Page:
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Friday, December 22, 2000

By Ken Sakamoto, Star-Bulletin
Ivan Lee and Myra Kiaaina's family is one that Ohana
Ola O Kahumana has helped. The transitional program
for the homeless received an award from the U.S. Housing
and Urban Development for its innovation. At the top row
from left are Ivan Lee; Leejan, 8 months; Myra Kiaaina;
and Leroy, 13. The bottom row from left are Lenan, 10;
Levanna, 9; Leela, 3; and Lenelle, 11.

Ohana Ola helps

The program is the only Hawaii
one to win an award from the
U.S. Housing department for
its approach to helping people

By Janine Tully

For Nicole Naiwi, 29, joining Ohana Ola O Kahumana was the best decision she made in her life.

Recovering from drugs and alcohol addiction and with no place to go, Naiwi heard of the program, which helps homeless families get their lives together and find permanent housing.

At the time, she was at a residential treatment center and felt she was ready for a stable environment where she could be with her four children.

"I needed a structured place to help me get back on my feet," Naiwi said, while participating in a Christmas activity with other families at the program's center. "Ohana Ola was a life-savior."

The U.S. Department of Housing and Urban Development awarded the program its "Best of the Best Practices Award" this week. The award is given to HUD-funded programs that use innovative methods to improve the lives of people in the community.

Ohana Ola was one of 100 HUD award recipients, picked from more than 2,800 nominations nationwide, and the only one in Hawaii to receive the award.

By Ken Sakamoto, Star-Bulletin
Lee and Kiaaina celebrate with Leela and Leejan.

For program executive director Helen Kimball, the award recognizes the program's effectiveness in combating homelessness.

"We are successful because the families come with a willingness to change their former destructive lifestyle," Kimball said. "Ohana Ola offers them a safe, supportive environment where they can learn how to make healthy choices."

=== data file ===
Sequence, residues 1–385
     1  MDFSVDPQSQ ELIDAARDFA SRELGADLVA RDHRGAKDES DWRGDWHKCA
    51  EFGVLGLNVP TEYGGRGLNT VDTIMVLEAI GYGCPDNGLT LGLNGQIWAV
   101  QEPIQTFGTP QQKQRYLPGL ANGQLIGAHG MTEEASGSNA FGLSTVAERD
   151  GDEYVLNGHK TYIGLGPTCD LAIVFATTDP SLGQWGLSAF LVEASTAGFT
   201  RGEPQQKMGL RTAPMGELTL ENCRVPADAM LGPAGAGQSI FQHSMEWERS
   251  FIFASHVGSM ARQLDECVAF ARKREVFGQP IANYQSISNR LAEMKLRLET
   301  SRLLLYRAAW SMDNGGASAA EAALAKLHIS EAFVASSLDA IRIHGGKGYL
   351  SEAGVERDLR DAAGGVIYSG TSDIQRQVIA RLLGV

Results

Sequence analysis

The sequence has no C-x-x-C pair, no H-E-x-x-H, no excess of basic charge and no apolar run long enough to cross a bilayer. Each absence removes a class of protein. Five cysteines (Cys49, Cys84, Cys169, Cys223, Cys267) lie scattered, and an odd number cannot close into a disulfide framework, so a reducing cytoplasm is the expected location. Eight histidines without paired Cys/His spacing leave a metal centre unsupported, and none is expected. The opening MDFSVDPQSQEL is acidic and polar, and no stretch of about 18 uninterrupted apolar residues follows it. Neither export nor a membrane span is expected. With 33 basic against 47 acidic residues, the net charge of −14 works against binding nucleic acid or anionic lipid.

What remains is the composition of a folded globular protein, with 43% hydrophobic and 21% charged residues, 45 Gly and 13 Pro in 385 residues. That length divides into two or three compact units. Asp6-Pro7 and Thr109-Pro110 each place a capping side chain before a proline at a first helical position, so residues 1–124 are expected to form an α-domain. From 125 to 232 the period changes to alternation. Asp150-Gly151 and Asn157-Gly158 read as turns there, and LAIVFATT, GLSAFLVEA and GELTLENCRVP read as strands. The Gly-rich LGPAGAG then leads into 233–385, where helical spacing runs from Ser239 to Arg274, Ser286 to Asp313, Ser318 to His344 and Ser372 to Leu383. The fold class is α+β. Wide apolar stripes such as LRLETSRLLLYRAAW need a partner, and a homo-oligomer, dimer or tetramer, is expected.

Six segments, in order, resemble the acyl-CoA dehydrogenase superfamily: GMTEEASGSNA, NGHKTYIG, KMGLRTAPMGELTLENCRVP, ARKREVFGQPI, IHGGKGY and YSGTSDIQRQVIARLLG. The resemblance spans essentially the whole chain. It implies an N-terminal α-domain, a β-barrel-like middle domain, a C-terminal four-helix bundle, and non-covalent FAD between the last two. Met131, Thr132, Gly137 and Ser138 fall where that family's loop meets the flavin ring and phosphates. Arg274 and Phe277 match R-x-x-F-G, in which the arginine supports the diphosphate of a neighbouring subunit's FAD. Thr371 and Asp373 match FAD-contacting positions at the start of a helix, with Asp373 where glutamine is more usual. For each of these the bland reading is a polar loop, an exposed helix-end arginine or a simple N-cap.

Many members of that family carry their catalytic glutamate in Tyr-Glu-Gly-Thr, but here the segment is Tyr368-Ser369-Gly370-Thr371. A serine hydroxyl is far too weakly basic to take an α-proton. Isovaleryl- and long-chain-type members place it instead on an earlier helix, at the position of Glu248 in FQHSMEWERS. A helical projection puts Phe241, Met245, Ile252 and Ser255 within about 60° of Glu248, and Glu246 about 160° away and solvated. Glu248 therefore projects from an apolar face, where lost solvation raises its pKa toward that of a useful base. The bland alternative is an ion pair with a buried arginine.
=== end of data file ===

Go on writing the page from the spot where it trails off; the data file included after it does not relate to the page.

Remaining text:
Families stay at Ohana Ola for two years. They receive counseling, education and employment training, as well as courses on self-development and home and anger management. The center also helps clients find employment and permanent housing.

"This is not a treatment center, but a facility to help people rebuild their lives," Kimball said. "It's about self-empowerment and accountability and following the housing rules. Families must want to make this a drug-free environment."

In Hawaiian, "ohana" means family and "ola" means life renewal, Kimball said. The program, founded in 1991, is an affiliate of Alternative Structure International, a nonprofit corporation focusing on alternative therapeutic programs for the severely mentally ill.

About 15 nonprofit and government agencies provide on-site services, as well as follow-up services for one year after the family leaves the facility. Participants also attend 12-step programs in the community.

"Recovery is their responsibility," she said. "It's part of learning to be accountable."

Kimball puts the program's success rate at 65 percent, but said the figure is not based on scientific data. To date, 145 people have lived at the facility. The majority are recovering addicts.

Set against the Waianae mountains on 12 acres of city land, the facility consists of 14 wooden duplex units clustered around a children's day care center. The units house 21 adults and 35 to 40 children, including infants and teen-agers. While women make up the majority of residents, the program is open to any men or women with dependent children.

The program is in the process of obtaining construction permits to add 36 more units. The cost is estimated at $5.7 million.

Program officials expect to receive about $3 million from HUD, $680,000 from the Federal Home Loan Bank of Seattle -- one of the largest gifts granted by the bank for affordable housing -- and $70,000 from McInerny foundation. The rest of the funds are expected to be raised through grants from local nonprofit organizations, said development project coordinator Annie Walenta.

"There's a shortage of facilities for transitional housing, and the city is encouraging us to expand," Walenta said.

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